The owner of this yacht knew everything about the Feadship story having worked at both the Van Lent and De Vries yards. In fact, at the time he found one of the smallest members of the Feadship Heritage Fleet – the 7.75-metre Robert Jan when launched in 1933, now named after her owner – he was working on the largest Feadship to date, the 101.50-metre Symphony.
“This small boat was moored up in Amsterdam opposite my office with grass growing out of it,” he recalls. “Although she was falling apart, the shaping caught my eye and I often thought ‘one day I’ll buy her.’ That day came in May 2012 when I saw a ‘For Sale’ sign and a week later I owned a Feadship!
“Not that I knew this at the time. Despite taking the boat apart and realising she’d been built with a great sense for detail, I could not find out where she came from. One day I was looking for something related to my work in the Feadship archives and noticed the design of the transom on one of the boats. It was exactly the same as De Keizer and we managed to find enough information to verify that by size, hull plating and frame. It was the first steel ‘Feadship’ and the first time De Vries and De Voogt worked together.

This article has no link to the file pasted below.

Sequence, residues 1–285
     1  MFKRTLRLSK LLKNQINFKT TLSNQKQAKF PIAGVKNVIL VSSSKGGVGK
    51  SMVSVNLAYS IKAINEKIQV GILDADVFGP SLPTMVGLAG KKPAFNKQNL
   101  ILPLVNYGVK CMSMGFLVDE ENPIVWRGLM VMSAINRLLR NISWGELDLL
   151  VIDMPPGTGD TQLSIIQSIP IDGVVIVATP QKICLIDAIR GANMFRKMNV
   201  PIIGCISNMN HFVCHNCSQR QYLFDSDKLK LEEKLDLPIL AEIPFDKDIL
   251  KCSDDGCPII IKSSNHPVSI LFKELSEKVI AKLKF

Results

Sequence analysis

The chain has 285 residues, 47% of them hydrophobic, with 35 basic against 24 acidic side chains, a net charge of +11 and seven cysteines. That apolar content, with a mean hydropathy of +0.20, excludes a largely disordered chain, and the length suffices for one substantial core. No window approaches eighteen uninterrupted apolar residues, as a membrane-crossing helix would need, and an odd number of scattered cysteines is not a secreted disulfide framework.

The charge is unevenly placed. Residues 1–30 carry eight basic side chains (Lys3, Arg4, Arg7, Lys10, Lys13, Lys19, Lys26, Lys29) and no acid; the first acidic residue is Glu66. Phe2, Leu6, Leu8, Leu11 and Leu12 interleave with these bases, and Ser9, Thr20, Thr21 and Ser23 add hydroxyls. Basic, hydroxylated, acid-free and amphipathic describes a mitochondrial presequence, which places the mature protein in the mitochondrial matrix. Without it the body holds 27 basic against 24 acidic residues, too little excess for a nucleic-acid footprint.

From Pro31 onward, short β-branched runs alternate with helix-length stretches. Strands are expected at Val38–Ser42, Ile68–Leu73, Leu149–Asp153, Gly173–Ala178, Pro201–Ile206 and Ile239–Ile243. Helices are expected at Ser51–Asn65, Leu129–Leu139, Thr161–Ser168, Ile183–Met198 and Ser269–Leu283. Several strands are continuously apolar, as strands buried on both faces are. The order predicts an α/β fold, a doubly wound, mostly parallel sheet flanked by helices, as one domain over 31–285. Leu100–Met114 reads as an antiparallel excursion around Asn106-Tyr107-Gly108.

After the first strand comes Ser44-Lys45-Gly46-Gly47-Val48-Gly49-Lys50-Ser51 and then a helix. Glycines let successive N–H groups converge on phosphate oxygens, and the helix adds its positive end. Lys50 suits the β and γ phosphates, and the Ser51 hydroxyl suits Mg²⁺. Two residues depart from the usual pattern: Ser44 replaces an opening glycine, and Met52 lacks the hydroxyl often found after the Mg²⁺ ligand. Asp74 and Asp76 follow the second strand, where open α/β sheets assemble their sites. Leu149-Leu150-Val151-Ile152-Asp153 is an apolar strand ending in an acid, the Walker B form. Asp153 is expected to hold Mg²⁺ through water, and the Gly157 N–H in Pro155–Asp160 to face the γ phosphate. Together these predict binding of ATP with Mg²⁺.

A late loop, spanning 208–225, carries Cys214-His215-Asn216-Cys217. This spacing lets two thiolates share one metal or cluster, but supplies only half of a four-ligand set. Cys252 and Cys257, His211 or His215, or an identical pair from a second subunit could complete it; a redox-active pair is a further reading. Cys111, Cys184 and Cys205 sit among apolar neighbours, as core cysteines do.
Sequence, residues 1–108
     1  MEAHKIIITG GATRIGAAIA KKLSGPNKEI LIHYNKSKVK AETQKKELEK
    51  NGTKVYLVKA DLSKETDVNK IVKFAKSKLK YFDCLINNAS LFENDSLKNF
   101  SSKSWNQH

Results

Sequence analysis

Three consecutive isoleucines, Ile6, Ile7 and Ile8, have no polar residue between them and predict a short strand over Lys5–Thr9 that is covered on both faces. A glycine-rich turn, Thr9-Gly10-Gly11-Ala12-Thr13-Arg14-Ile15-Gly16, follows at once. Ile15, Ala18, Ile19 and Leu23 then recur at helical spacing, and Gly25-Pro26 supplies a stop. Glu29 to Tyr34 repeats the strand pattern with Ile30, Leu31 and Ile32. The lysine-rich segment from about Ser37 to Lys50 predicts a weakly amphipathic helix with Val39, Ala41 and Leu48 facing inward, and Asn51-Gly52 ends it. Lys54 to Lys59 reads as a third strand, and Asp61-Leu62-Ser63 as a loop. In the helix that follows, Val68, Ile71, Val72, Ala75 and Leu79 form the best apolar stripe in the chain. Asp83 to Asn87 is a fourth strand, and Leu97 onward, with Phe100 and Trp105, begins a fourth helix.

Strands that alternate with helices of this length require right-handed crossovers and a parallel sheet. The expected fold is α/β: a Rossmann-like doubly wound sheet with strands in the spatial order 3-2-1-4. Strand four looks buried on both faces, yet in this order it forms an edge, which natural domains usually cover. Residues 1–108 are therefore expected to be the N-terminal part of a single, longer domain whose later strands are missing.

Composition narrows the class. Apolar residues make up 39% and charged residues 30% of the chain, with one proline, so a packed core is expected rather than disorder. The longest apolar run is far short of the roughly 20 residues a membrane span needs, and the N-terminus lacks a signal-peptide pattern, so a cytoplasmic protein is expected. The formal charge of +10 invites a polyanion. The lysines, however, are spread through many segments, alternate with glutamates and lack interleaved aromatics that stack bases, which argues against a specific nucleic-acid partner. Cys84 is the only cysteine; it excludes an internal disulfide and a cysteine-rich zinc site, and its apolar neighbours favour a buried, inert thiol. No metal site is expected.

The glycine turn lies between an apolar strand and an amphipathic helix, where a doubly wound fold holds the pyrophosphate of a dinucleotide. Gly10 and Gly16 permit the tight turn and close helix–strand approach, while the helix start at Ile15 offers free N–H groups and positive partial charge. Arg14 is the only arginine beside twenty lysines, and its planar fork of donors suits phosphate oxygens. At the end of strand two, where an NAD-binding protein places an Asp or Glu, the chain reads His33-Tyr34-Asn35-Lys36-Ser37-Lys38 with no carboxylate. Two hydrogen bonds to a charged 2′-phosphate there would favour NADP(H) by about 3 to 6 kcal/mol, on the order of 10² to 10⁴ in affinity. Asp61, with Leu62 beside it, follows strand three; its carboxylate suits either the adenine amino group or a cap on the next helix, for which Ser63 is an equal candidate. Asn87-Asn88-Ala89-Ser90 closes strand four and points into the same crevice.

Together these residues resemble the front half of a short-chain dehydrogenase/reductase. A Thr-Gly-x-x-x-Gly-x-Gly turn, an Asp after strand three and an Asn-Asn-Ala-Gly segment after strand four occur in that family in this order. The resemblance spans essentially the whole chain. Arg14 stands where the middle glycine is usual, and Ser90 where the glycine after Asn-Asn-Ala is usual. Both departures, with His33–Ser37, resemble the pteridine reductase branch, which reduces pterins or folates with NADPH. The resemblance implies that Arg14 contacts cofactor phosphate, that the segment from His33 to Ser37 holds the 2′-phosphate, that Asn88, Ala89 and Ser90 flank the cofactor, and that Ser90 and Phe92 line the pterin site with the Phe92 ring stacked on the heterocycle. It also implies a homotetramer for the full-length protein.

“She was also displayed at the first boat show ever held in Holland in 1933, arranged by Henri de Voogt – and to cap it all I live just across from the Apollo Hall where that show took place. The photos of ‘my’ boat being horse drawn from the yard in Aalsmeer to Amsterdam are amazing: seven were built but only one in this size.”
The owner rebuilt De Keizer in a small shipyard and 99 percent of the steel is still in place, as is the steering. “Now I love to take her out with family and friends,” he says. He still berths the boat in front of his office in Amsterdam. “You can even camp in her with the kids as there are two beds, a toilet, a shower and a fridge. Who would have thought I would ever own a Feadship!”